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Lonesome Jim
Reviewed by Dennis Morton

Lonesome Jim, directed by Steve Buscemi, is destined, I fear, to become a lonesome gem. But a gem it is, in my book. I acknowledge that not many critics are fond of this small film. But I am.
If ever there were an exemplar of the writing instructor’s axiom, ‘show, don’t tell’, this film is it. Scriptwriter James Strouse quietly and patiently delivers the story of Jim, a hyper-sensitive young man and would-be-writer, forced by his failures to abandon the big city and return to his home town.
The biblical Goshen was a place of plenty and prosperity where hard work yielded just desserts. But the Goshen, Indiana of Lonesome Jim is a gulag of convention and drudgery. It’s the last place Jim wants to be, but the only refuge left in an inhospitable world.
The film opens with Jim’s reluctant return. From the moment he enters the front door of his family’s home, we understand why he left. He is greeted, if that’s the word, by his older brother Tim, a zombie in his early thirties. Jim is then smothered by his mother, who, like Bob Dole, another mid-westerner, seems incapable of using the first person pronoun. She refers to herself, almost always, as Mom. And finally, Jim’s father, summoned from his basement sanctuary by a walkie-talkie, ascends the stairs and without a hug or hello, asks icily, ‘what’s wrong with him’? (Because by this time Jim is in tears, sitting on the kitchen floor, and complaining of dehydration.)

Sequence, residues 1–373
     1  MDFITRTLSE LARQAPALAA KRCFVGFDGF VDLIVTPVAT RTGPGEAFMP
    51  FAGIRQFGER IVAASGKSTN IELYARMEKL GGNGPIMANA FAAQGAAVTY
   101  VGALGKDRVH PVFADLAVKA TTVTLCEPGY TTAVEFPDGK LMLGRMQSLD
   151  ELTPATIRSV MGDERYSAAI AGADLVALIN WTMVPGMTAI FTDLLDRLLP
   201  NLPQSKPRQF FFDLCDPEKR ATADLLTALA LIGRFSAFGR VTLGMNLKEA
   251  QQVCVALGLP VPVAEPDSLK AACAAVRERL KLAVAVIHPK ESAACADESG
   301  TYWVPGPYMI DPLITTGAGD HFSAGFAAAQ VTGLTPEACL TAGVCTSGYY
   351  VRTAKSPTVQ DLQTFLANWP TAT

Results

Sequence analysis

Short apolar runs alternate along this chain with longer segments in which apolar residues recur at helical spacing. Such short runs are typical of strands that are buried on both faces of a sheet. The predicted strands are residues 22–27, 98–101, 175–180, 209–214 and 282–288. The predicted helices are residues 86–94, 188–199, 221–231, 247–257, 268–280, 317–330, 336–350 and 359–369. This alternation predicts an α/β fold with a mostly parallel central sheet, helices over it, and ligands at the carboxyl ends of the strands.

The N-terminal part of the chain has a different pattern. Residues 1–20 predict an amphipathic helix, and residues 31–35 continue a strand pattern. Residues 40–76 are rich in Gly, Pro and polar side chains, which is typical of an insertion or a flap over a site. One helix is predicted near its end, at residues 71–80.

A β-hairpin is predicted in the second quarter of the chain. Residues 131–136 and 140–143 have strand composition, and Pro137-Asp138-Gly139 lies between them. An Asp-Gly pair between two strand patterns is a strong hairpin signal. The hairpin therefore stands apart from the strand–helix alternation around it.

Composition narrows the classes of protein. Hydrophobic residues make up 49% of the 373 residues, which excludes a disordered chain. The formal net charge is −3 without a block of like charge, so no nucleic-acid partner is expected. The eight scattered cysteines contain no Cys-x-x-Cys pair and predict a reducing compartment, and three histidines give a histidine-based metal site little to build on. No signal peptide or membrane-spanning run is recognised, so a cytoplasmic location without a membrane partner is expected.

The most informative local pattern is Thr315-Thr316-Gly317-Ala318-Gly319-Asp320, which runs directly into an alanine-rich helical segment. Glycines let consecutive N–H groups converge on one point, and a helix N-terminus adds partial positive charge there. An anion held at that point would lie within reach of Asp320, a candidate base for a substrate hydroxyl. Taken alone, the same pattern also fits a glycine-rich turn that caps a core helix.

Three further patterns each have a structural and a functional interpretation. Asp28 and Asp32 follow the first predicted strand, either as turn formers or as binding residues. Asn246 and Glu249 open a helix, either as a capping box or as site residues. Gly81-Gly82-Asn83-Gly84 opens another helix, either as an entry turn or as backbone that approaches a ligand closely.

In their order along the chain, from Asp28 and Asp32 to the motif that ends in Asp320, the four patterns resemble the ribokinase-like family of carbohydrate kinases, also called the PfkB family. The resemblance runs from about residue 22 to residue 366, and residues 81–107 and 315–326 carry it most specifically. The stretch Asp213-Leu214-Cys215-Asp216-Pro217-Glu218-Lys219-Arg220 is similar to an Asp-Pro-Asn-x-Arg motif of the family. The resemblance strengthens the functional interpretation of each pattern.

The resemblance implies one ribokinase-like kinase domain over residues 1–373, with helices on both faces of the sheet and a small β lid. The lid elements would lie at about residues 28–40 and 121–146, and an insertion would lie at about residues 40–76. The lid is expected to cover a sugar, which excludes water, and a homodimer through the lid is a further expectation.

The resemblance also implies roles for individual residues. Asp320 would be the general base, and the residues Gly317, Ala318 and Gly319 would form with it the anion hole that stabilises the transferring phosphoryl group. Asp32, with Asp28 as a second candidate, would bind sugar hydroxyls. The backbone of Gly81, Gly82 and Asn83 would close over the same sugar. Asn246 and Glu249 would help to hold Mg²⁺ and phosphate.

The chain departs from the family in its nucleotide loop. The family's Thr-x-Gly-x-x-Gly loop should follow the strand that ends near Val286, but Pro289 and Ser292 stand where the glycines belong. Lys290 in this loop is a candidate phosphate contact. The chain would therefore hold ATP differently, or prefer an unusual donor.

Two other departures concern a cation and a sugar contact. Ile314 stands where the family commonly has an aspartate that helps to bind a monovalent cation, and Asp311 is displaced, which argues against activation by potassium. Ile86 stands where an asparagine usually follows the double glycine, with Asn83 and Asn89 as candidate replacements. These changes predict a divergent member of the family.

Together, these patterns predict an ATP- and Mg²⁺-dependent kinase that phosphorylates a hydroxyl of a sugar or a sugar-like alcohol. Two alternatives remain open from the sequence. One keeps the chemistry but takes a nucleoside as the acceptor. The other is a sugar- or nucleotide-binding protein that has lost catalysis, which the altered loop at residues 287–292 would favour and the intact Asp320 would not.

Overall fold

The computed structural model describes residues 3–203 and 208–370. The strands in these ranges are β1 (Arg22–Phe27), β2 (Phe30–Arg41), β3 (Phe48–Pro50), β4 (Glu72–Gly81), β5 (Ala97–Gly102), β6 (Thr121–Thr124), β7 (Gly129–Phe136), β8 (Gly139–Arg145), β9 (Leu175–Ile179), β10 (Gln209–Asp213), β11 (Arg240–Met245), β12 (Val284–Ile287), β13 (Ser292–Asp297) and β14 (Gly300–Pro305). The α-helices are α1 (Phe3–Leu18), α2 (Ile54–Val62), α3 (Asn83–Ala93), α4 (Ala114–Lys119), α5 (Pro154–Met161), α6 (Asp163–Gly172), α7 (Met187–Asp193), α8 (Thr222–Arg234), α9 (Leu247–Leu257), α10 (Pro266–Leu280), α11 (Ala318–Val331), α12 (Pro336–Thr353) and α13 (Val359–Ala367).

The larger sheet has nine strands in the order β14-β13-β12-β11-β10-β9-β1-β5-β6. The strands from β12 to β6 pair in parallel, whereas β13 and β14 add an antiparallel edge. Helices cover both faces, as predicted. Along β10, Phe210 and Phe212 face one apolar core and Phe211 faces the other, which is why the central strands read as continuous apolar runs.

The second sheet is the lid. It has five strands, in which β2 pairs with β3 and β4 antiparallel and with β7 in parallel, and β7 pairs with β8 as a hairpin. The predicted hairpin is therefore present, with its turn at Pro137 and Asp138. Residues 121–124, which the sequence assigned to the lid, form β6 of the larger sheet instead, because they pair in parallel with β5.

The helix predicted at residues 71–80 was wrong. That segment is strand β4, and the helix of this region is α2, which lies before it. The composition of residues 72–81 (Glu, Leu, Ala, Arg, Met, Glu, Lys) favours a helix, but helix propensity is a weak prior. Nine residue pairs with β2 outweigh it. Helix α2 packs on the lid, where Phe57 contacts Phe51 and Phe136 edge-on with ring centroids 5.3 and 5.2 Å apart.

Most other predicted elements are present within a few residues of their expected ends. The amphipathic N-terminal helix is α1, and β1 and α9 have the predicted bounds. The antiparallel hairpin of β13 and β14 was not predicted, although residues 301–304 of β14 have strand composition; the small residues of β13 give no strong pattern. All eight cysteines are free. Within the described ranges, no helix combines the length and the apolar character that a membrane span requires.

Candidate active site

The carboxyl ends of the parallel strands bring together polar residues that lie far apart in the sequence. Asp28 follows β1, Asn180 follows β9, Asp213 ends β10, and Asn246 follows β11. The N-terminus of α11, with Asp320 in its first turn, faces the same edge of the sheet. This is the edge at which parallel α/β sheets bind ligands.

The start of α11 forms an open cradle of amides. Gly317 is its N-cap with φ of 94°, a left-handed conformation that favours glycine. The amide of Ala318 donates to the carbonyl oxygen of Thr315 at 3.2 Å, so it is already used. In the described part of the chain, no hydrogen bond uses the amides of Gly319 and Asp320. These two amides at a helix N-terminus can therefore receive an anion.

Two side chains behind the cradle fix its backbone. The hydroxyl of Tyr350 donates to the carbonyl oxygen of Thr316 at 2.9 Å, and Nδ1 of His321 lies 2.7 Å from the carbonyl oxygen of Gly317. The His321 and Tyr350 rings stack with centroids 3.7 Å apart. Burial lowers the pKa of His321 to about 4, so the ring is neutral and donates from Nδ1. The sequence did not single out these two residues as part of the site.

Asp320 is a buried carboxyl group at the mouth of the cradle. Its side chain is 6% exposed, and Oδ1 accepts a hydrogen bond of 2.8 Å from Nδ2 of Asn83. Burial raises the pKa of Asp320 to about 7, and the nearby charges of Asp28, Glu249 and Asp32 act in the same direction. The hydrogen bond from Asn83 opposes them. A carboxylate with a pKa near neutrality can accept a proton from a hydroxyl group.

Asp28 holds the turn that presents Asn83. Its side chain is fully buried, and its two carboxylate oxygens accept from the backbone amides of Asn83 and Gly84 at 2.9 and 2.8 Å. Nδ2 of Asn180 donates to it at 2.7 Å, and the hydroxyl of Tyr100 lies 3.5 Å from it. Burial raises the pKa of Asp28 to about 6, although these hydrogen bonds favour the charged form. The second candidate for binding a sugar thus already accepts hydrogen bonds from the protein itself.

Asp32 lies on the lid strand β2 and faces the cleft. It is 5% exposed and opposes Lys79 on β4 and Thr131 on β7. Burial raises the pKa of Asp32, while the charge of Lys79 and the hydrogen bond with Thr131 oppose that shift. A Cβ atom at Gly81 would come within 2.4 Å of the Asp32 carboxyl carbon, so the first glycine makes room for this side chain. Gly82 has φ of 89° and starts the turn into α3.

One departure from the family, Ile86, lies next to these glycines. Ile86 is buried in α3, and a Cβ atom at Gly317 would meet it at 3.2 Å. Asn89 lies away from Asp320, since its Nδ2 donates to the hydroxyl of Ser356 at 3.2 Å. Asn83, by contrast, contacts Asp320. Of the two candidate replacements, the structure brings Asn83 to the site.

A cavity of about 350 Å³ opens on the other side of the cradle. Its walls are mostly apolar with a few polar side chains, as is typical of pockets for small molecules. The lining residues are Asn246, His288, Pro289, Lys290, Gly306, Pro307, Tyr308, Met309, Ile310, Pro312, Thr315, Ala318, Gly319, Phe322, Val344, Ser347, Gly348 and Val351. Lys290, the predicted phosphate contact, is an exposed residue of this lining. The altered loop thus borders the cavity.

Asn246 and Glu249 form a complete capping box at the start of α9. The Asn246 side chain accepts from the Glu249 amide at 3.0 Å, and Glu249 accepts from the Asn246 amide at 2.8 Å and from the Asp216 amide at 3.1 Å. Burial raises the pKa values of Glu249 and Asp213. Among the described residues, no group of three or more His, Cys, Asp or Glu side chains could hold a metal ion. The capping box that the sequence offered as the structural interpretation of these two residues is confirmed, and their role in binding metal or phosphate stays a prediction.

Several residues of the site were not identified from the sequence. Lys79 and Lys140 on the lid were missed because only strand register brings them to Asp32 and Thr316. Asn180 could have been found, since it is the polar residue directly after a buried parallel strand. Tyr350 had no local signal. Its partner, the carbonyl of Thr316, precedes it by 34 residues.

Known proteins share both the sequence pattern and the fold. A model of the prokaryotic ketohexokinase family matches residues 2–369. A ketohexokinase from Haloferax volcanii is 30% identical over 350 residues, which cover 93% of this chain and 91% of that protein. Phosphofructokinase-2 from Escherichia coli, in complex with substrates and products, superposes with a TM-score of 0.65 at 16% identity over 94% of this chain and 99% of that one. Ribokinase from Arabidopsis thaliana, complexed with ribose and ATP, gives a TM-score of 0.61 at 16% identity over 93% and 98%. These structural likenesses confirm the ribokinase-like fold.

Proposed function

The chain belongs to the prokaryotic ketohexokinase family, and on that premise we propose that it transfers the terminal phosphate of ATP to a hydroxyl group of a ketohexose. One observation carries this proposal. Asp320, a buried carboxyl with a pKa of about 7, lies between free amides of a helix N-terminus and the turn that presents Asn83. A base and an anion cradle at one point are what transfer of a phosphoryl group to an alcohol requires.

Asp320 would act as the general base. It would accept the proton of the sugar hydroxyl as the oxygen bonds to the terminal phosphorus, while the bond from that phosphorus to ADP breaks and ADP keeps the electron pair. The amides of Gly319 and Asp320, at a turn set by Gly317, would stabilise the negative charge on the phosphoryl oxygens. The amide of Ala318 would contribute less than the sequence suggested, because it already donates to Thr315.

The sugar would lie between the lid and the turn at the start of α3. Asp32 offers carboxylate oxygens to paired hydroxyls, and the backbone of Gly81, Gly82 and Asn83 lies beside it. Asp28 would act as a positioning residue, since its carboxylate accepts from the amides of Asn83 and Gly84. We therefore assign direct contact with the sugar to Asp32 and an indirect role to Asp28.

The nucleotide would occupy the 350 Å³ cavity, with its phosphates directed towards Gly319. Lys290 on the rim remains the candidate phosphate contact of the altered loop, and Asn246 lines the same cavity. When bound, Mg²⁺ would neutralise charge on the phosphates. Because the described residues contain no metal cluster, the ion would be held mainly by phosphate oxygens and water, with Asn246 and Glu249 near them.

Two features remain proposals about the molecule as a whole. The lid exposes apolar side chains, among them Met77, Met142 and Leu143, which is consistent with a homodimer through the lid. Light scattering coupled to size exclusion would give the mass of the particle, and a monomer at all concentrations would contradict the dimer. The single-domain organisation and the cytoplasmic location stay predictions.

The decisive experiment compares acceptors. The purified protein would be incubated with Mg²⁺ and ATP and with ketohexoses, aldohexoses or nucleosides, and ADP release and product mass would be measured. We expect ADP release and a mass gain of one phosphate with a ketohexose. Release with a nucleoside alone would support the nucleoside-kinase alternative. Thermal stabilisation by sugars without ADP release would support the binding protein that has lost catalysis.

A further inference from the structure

The need for water, the very juice of life, is a quietly recurring theme in Lonesome Jim.
One of the things I like so much about this film is that not much is writ large. It doesn’t take long to realize that Jim is a seriously depressed fellow. But there’s not a clinical word in the entire movie. There are no therapists lurking in the wings to restore
Jim to mental health.
There is, however, a nurse, played beautifully by Liv Tyler, who enters Jim’s life, via a sexual encounter. She does, in fact, represent or symbolize an opportunity for health, but she does so by example, and without exhortation or diagnosis.
They meet in a bar and it’s the occasion for one of the best lines I’ve heard in any film, ever. Jim introduces himself as a writer. And Anika, the nurse, tells him that she writes too.
“I write, but just for myself”, she says. And Jim replies: Well, I like your audience. It’s a clever and subtle line, and both times I’ve seen this movie, it’s taken about five seconds before the audience laughs.
Lonesome Jim is full of great lines. And they come from left field, when you least expect them. This film is so much better than most films we get to see. It does require patience and attention. But these are qualities we’d do well to cultivate in our cartoon quick world.
It won’t be to everyone’s cup of tea, but I unabashedly loved this film and encourage you to see it. Better do it this week. It probably won’t be around for long.
For KUSP’s Film Gang, this is Dennis Morton.